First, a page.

The US bans SkyWest from shutting down service for 29 communities that have yet to be reviewed

A view of the exterior of the US Department of Transportation's Federal Aviation Administration in Aurora
FILE PHOTO: Exterior view of the US Department of Transportation’s Federal Aviation Administration in Aurora, Illinois September 26, 2014. REUTERS/Jim Young

March 14, 2022

By David Shepardson

WASHINGTON (Reuters) – The U.S. Department of Transportation on Monday blocked regional airline SkyWest Inc from suspending service at 29 locations until replacement airlines can be found under the government’s subsidy program to offer air services to smaller communities.

SkyWest provides regional service for major airlines such as United Airlines, Alaska Airlines, Delta Air Lines and American Airlines. SkyWest operates the 29 routes under the United Express name and provides regional services for United Airlines.

SkyWest last week announced plans to end service to the 29 communities under the Essential Air Service subsidy program effective June 8, saying “pilot staffing challenges across the airline industry preclude” the airline from to continue service.

The Department of Transportation said SkyWest could not suspend service until July 8 “and possibly an additional 30 days” unless federal officials secure another carrier to provide services under the program in one of the 29 communities.

Some of the communities where United Express flights operated by SkyWest will be canceled are: Cape Girardeau, Joplin and Fort Leonard Wood, Missouri; Decatur, Illinois; Clarksburg and Greenbrier/Lewisburg, West Virginia; and Fort Dodge, Mason City and Sioux City, Iowa. Some others are: Muskegon and Houghton/Hancock, Michigan; Hattiesburg/Laurel, Mississippi; Johnstown, Pennsylvania; Kearney, Scottsbluff and North Platte, Nebraska; Salina, Liberal, Hays and Dodge City, Kansas; Eau Claire, Wisconsin; and Victoria, Texas.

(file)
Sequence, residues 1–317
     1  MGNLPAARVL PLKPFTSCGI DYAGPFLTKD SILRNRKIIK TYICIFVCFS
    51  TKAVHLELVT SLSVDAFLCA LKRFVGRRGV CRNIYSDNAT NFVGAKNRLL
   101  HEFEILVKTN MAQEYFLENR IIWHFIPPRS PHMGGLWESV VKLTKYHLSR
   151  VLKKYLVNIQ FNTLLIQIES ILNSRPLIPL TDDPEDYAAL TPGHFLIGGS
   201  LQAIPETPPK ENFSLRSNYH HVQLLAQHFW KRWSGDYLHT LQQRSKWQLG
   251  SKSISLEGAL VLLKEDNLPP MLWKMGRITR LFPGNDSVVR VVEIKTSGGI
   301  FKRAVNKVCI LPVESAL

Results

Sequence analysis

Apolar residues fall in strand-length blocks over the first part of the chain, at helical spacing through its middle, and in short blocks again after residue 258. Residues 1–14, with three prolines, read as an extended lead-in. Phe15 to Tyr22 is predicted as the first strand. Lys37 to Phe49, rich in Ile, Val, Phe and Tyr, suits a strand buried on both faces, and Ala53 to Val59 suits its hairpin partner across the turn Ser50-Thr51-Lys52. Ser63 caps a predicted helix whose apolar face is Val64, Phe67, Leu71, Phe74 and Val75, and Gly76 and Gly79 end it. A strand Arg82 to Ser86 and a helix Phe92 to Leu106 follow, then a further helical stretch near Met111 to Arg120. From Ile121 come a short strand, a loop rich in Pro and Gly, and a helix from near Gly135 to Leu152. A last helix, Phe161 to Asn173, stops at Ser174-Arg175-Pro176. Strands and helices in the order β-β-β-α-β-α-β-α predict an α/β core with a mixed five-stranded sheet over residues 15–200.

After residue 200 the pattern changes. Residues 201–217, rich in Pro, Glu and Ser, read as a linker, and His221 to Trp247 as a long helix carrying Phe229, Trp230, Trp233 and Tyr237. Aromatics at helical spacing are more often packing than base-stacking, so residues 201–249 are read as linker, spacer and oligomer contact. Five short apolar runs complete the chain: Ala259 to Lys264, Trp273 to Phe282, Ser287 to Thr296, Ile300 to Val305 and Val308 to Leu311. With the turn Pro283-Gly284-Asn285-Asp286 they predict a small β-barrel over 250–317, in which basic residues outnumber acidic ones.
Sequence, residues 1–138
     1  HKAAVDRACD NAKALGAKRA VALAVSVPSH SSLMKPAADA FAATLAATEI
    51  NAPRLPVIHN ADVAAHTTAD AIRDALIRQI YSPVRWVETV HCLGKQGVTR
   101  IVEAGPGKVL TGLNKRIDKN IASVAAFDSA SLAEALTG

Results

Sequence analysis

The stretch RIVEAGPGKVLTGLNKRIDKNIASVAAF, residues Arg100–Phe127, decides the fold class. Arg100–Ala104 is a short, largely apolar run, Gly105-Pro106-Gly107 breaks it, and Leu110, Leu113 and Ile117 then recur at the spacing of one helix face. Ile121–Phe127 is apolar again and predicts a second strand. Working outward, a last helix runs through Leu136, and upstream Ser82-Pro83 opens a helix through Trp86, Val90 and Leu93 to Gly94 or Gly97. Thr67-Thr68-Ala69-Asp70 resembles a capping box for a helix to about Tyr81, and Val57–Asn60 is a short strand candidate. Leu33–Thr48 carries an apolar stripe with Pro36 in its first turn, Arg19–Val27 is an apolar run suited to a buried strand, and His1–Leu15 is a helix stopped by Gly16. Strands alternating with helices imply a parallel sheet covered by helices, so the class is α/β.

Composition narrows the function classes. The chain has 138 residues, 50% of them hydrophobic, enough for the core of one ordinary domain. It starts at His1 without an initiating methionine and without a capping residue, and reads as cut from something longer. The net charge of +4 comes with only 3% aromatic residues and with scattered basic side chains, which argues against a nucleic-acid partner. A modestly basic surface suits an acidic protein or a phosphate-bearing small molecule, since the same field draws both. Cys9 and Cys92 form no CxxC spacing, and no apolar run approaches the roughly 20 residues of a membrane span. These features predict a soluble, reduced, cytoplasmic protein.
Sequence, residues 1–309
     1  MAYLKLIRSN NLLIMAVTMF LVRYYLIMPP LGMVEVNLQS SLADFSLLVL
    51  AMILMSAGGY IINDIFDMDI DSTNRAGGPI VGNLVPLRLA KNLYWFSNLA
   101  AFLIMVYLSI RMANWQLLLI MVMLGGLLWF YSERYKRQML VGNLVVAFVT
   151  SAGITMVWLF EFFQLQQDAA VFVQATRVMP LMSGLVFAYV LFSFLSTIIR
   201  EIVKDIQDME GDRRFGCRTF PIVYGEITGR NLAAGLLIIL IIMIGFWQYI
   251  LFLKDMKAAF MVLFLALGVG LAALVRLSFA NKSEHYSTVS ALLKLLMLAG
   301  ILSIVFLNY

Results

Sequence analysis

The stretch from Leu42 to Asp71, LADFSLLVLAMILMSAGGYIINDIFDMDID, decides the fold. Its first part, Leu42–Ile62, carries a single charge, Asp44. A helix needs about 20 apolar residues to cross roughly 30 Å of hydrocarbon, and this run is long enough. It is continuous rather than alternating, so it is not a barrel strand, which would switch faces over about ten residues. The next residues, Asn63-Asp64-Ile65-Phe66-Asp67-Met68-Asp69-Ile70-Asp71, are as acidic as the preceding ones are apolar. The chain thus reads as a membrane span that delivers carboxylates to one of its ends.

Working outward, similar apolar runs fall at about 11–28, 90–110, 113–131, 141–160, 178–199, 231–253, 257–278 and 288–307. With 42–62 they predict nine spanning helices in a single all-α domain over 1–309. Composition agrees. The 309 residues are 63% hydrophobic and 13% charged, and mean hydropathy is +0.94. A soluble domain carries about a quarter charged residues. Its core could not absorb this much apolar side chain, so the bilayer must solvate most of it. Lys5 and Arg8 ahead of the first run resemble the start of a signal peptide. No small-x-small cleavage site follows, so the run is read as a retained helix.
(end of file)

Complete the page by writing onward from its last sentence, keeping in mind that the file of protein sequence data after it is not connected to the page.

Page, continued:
Each route usually has a separate contract. Such contracts. Each contract typically has around $3 million in annual government subsidies.

SkyWest said it was “eager to work with officials on solutions that would allow us to reconnect these communities to the National Air Transportation System in the future, and we are committed to remaining flexible and adjusting our plans if the.” Situation improved faster than currently expected.”

The Transport Ministry said it would like other airlines to submit proposals by April 11 at the latest to offer flights to replace the canceled service.

United Airlines CEO Scott Kirby told Congress in December the airline grounded nearly 100 regional jets “because there aren’t enough pilots to fly them. … The country will need thousands of pilots.”

(Reporting by David Shepardson; Editing by Will Dunham) The US bans SkyWest from shutting down service for 29 communities that have yet to be reviewed


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